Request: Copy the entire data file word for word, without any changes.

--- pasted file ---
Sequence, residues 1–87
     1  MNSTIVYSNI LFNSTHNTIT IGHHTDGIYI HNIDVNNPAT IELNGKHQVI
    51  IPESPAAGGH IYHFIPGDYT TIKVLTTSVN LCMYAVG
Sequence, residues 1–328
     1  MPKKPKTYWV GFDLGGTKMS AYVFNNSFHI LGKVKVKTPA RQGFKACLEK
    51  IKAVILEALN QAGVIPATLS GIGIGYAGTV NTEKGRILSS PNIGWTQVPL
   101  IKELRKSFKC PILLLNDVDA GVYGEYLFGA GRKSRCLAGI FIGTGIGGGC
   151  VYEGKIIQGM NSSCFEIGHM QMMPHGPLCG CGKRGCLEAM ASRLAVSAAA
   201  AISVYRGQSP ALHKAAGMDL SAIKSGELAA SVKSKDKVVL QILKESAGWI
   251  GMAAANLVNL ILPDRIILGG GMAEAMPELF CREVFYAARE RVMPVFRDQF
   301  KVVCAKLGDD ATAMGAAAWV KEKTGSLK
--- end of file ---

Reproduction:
Sequence, residues 1–87
     1  MNSTIVYSNI LFNSTHNTIT IGHHTDGIYI HNIDVNNPAT IELNGKHQVI
    51  IPESPAAGGH IYHFIPGDYT TIKVLTTSVN LCMYAVG
Sequence, residues 1–328
     1  MPKKPKTYWV GFDLGGTKMS AYVFNNSFHI LGKVKVKTPA RQGFKACLEK
    51  IKAVILEALN QAGVIPATLS GIGIGYAGTV NTEKGRILSS PNIGWTQVPL
   101  IKELRKSFKC PILLLNDVDA GVYGEYLFGA GRKSRCLAGI FIGTGIGGGC
   151  VYEGKIIQGM NSSCFEIGHM QMMPHGPLCG CGKRGCLEAM ASRLAVSAAA
   201  AISVYRGQSP ALHKAAGMDL SAIKSGELAA SVKSKDKVVL QILKESAGWI
   251  GMAAANLVNL ILPDRIILGG GMAEAMPELF CREVFYAARE RVMPVFRDQF
   301  KVVCAKLGDD ATAMGAAAWV KEKTGSLK